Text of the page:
Saturday, June 4, 2016

Muhammad Ali, The Greatest, discovered on a Saturday morning

The sad passing of boxing legend Muhammad Ali has been all over the news. There's no doubt that Ali was the most famous and most recognizable professional athlete in history. On his passing, I thought this would be an appropriate time to share one of my little yard sale flips, that yes, actually had a direct connection to "The Greatest."

About two years ago, I was doing my usual Saturday morning picking, this time at a community yard sale held in the parking lot of a real estate office. Meandering around, I stopped at a table and spotted a piece of paper for sale with an autograph on it. The small, aged paper was protected under a clear plastic sheet, the type you might snap into a three ring binder. The seller was asking twenty dollars for it. Looking closely at the signature, my jaw dropped in amazement...it read "Muhammad Ali".

"The Greatest" found at a yard sale.
If anyone was watching me at the time, I am sure they would have observed a very confused looking dude. Could the autograph of the greatest heavyweight champion and most famous athlete in the world be for sale at a yard sale? Clutching the plastic sheet in my hand, I stared at the autograph wondering if it was legit or not? This once-in-a-lifetime find had me excited, but I needed more information before pulling the trigger. I asked the sellers what the story was on the signature? The sellers, a couple in their 70's, explained they once lived down the street from Muhammed Ali in the town of Cherry Hill, New Jersey. They went on to tell me they met the Heavyweight Champ at a neighborhood cocktail party. Describing Ali as a gentleman and very accommodating, they said the Champ gladly signed autographs for many of the neighbors on the street. Like everyone else at the party, the couple asked Ali for an autograph and he obliged them, signing the piece of scrap paper I was now holding in my hand.

Listening to the couple's story, it all seemed to ring true to me. I knew for a fact that Ali actually did live in Cherry Hill back in the Seventies. Also, the autographed piece of paper had some age to it and looked like it could easily date back to the 1970's. Processing all this information, it didn't take long to make my decision. However, just to reduce my exposure in case the autograph was a fake, I offered the couple $15 bucks which they accepted. As an added bonus, there also happened to be a separate autographed postcard of another boxer under the plastic sheet. This made my $15 dollar purchase a very nice two-for-one deal!

Jack Demspey restaurant postcard
Before getting to the main event, let me share how the postcard worked out. Researching the vintage postcard, I discovered it was signed on the reverse side by a boxing legend from an earlier time; the great Jack Dempsey. Dempsey, who was the heavyweight champ back in the 1940s, retired from the ring and opened a popular New York City restaurant, appropriately named, "Dempsey's".  In fact, fans of the first Godfather movie will recall the scene where young Michael Corleone was picked up by the "bad" cop right in front of Dempsey's restaurant. Unfortunately, I also learned that Dempsey gave out these autographed postcards to dining patrons like some establishments hand out after dinner mints and toothpicks. In other words, Dempsey's autographed postcards are quite common and not worth a whole lot. However, it was worth just enough to cover my initial investment. The autographed Dempsey postcard sold for $15 bucks on eBay. This sale brought me back to even on my initial investment with Ali's autograph still to sell.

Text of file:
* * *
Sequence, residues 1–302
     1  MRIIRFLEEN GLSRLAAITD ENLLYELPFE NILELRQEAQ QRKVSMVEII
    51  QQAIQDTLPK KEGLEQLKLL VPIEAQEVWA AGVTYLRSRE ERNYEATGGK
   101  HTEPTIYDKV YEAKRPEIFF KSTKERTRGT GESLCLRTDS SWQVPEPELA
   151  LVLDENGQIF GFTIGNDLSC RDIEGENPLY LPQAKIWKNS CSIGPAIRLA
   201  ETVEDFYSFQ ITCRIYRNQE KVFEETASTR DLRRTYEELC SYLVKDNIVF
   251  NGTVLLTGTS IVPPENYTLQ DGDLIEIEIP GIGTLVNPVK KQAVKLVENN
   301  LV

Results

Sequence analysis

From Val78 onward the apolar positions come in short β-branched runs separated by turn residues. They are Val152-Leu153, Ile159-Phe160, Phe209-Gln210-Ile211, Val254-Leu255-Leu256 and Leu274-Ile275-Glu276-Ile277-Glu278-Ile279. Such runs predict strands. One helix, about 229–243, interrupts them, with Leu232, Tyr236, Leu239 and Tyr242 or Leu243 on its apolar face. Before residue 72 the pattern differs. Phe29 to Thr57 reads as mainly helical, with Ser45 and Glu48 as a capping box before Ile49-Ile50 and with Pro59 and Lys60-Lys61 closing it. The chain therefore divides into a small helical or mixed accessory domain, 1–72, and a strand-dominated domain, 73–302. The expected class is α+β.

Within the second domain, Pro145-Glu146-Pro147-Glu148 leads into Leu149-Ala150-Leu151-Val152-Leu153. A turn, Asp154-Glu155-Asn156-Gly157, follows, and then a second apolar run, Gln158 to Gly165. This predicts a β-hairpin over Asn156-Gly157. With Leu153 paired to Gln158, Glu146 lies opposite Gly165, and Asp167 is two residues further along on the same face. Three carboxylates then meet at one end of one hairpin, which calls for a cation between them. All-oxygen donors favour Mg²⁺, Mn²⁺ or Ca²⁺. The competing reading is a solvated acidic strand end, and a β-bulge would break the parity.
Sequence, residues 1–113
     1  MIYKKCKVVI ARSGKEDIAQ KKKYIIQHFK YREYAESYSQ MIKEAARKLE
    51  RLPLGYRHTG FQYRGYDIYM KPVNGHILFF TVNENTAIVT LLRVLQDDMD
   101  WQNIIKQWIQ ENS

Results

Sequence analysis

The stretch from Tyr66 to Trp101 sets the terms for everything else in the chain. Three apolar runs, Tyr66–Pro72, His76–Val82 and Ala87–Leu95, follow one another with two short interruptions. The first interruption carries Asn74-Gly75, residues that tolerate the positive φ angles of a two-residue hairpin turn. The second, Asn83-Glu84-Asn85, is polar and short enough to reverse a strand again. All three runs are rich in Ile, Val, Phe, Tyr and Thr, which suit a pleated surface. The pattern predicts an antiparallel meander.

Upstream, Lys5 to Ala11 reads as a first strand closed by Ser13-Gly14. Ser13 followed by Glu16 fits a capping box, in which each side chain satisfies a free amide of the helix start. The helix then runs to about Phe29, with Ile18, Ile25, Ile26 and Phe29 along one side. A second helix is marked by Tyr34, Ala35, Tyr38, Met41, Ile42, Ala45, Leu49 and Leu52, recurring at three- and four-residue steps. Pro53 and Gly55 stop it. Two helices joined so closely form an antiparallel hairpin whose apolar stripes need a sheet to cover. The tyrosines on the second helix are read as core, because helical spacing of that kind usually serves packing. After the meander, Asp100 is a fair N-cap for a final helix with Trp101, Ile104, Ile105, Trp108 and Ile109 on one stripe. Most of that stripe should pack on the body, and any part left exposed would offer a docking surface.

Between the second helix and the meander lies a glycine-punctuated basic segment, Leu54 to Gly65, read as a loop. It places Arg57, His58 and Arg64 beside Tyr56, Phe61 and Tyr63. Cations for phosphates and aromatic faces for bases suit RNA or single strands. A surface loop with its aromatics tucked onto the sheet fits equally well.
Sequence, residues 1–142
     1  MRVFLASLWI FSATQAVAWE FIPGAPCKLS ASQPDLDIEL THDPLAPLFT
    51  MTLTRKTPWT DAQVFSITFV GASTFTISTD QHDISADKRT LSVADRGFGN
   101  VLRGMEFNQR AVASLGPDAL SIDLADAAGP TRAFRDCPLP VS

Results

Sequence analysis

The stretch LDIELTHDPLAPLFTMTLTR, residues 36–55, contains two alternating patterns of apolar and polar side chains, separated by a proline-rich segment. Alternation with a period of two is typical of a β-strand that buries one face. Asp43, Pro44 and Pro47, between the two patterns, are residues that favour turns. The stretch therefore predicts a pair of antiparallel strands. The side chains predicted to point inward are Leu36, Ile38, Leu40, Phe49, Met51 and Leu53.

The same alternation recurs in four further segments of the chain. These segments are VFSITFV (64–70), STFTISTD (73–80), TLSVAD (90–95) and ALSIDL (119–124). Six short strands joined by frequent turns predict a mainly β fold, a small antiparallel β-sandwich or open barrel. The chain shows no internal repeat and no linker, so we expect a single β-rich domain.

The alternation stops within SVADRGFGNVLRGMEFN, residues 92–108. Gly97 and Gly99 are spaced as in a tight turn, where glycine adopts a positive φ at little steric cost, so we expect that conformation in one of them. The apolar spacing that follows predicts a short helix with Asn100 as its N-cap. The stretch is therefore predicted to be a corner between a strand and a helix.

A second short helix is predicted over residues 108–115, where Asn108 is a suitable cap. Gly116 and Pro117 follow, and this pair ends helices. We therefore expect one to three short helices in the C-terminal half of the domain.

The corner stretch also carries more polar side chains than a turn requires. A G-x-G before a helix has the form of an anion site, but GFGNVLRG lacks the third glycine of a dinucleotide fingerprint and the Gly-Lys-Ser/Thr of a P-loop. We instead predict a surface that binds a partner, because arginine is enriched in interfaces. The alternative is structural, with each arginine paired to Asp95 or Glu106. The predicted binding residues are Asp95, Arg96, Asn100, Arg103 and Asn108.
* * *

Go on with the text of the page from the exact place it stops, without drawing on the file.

The undercard sale of my Dempsey postcard now completed, I moved on to the main event. When posting Ali's autograph on eBay, I carefully laid out all the details the sellers shared with me regarding how they obtained it. To reinforce and back up their story, I also cited that fact that Muhammad Ali resided in the same town as the couple did during the early Seventies. And while not claiming to be a hand writing expert, I also pointed out my yard sale autograph looked "spot-on" to any of Ali's known signatures found on the internet. This elaborate description discussing it's provenance seemed to assure bidders. My Muhammad Ali autograph sold for $160 dollars! That's what I call a yard sale knockout!


As I write this, eBay auctions for Muhammad Ali's autograph are now going through the roof due to
his passing. Obviously my find would have sold for even more money today, but no worries. The Champ did me a solid a few years back with an unbelievable yard sale find that turned a $15 investment into $160 dollars. So here's to "The Greatest." There will never be another one like him.

How about you? Ever find or sell a famous autograph? Share the story in the comment section below...




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